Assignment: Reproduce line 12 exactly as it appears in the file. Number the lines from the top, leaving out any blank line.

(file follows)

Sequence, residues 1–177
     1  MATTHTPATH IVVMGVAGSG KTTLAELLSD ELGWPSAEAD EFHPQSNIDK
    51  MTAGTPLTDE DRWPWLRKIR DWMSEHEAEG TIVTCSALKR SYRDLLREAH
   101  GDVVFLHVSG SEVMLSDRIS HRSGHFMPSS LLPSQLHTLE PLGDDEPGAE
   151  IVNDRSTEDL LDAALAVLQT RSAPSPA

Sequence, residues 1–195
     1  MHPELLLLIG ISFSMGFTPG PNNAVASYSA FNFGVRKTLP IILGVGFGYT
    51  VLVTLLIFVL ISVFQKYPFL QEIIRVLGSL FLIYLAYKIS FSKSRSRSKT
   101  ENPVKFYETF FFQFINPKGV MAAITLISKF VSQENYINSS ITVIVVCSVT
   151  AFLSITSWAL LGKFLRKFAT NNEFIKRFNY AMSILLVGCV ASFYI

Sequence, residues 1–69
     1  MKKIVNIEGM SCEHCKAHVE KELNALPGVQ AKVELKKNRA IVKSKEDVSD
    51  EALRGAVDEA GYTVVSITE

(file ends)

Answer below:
     1  MKKIVNIEGM SCEHCKAHVE KELNALPGVQ AKVELKKNRA IVKSKEDVSD